Mobility will be the key to enterprise agility in the coming years. That’s the word from Certus director of mobile solutions, Matt Smith.
The company just launched its mobility-as-a-service (MaaS) offering in Australia and New Zealand, based on IBM’s mobility development platform. (insert link)
Having recently joined the firm from US-based, Leverage Mobile, Smith said there are a number of things large companies do not currently consider when embarking on mobile development programmes.
“Currently, if a customer wants an enterprise level app or a business app, they essentially have two or three paths they can go down to get it. They can buy an out-of-the-box app, something that does what it does and they just buy it.”
“They can by software like IBM’s mobile first platform or SAP, they can buy a set of tools, like Titanium, to build what they need or to hire consultants to build what they need.”
“What a lot of companies are doing is they are going through an interactive framework. Where they are getting a more non-functional app with a user interface and connecting that with internal developers.”
“There is either a large cost with consulting and paying for software, or there is a low cost with little value because the end-product is not doing that much.”
“What we do is sit in the space that currently doesn’t exist,” he said.
“We produce an enterprise level app, in the sense that it is on IBM software, the IBM licenses are not purchased by the client, they are part of our agreement with IBM, we stood it up in the Cloud so the client does not incur that cost, and we have built out an entire app framework on top of IBM so that they don’t have a lengthy consulting engagement.”
Smith said the market has been in transition for a number of years and some the industry is seeing some of the predictions it made coming to pass.
“I think there still a lot to learn, there is still a lot happening, the trends seems to be that customers are now looking to the Cloud and to a SaaS-based model first, then if it doesn’t work to the level they need they look at a more traditional consulting model as an alternative. While just a few years ago, that was flipped.”
“Companies are trying to move more and more of their infrastructure and software to the Cloud. We have talked about this as a trend for a couple of years and now we are experiencing it first hand. Now when we talk to clients, the SaaS option is now their first choice.”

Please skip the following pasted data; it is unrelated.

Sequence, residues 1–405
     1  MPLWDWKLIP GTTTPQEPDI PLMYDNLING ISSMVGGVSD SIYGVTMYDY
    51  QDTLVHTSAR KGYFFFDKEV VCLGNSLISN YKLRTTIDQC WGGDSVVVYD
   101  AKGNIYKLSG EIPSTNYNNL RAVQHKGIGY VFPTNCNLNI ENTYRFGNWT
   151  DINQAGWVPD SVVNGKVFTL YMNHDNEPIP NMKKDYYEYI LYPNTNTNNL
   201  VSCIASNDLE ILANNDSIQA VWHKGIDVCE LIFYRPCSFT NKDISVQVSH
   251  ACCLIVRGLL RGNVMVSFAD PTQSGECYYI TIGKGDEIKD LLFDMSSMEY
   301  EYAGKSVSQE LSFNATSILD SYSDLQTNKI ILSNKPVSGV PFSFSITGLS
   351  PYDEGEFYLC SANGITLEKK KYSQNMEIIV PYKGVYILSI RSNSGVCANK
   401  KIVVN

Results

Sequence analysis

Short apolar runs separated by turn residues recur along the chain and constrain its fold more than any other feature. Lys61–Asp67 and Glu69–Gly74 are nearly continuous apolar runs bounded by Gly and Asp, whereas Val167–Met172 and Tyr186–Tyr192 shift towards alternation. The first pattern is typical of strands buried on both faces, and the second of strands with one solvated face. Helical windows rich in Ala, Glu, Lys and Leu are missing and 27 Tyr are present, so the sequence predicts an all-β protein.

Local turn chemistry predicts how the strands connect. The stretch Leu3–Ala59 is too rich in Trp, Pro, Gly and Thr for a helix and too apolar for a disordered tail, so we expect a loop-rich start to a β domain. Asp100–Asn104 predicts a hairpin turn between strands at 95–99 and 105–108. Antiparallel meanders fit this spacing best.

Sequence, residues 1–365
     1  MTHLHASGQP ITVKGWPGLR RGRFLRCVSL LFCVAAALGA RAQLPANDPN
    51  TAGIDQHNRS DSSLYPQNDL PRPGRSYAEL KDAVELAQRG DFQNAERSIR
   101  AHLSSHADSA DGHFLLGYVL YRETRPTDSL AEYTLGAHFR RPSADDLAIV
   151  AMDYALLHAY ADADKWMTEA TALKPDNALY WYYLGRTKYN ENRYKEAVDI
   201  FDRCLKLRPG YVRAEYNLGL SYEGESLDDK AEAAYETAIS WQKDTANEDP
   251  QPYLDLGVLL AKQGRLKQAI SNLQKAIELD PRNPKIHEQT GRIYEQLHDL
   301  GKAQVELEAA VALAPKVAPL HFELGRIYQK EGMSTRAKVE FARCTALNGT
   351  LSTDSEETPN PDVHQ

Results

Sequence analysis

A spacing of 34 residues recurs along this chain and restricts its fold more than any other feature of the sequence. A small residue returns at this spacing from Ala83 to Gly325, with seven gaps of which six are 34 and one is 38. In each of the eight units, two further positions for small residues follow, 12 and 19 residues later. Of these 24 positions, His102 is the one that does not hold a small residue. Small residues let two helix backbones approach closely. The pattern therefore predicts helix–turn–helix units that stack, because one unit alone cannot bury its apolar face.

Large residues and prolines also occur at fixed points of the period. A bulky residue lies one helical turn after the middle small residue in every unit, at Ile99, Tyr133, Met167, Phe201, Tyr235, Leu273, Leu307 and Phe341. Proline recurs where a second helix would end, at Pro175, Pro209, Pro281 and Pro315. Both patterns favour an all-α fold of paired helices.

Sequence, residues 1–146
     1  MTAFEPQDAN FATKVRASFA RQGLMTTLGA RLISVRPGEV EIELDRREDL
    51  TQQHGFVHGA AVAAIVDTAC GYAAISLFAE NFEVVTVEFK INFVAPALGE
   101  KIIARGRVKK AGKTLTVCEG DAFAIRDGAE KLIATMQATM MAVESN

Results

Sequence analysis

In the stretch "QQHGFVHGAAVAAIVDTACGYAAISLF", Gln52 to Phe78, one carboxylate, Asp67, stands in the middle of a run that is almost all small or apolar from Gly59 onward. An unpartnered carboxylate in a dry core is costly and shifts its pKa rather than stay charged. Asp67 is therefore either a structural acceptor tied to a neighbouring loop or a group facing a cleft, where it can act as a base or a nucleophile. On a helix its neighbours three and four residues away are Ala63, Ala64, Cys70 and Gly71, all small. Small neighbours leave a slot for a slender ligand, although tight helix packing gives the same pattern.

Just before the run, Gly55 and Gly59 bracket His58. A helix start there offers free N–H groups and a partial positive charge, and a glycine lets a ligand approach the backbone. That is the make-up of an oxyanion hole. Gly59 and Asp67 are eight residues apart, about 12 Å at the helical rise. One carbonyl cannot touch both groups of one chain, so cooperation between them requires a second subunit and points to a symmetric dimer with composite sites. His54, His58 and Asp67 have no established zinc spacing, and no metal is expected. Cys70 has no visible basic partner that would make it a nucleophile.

“The other trend we are seeing is that customers are becoming more aware of the technical barriers to the Cloud. It’s not as simple as signing up and hiring an interactive firm to build you an app and putting it out. They understand security needs to be looked at, Integration and having a hybrid model that can integrate into other Cloud systems, these things are becoming more apparent to customers.”
“There is a whole wave of conversation around modernising companies toward the Cloud, and mobility is leading that. We have a Cloud readiness assessment that we do when taking on new clients, because if they’re not Cloud-ready we have to address that first,” he said.
“I think offerings like the one we have now are going to become mere prevalent. Companies that have just a front-end technology are discovering that is not enough. These companies are going to end up needing to find something that is also addressing the integration layer and security aspects more than just providing an API. I think more of that is going to happen.”
“I also think the enterprise players like IBM or SAP will move into providing customer solutions and not just tools. In a year or 18 months, companies like us and these large vendors will end up meeting in the middle.”
When asked about plans for expansion form the A/NZ market, Smith replied.
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“Right now we are A/NZ focused, we are targeting our existing client base, we have clients in utilities, healthcare and finance, right now we are going through the process of bringing this to them. We are also going direct to market to find new customers looking for mobility solutions.”
“That’s our focus for now. in the future we will plan to expand globally, we haven’t decided which markets yet. North America makes a lot of sense but right now we are not looking anywhere else.”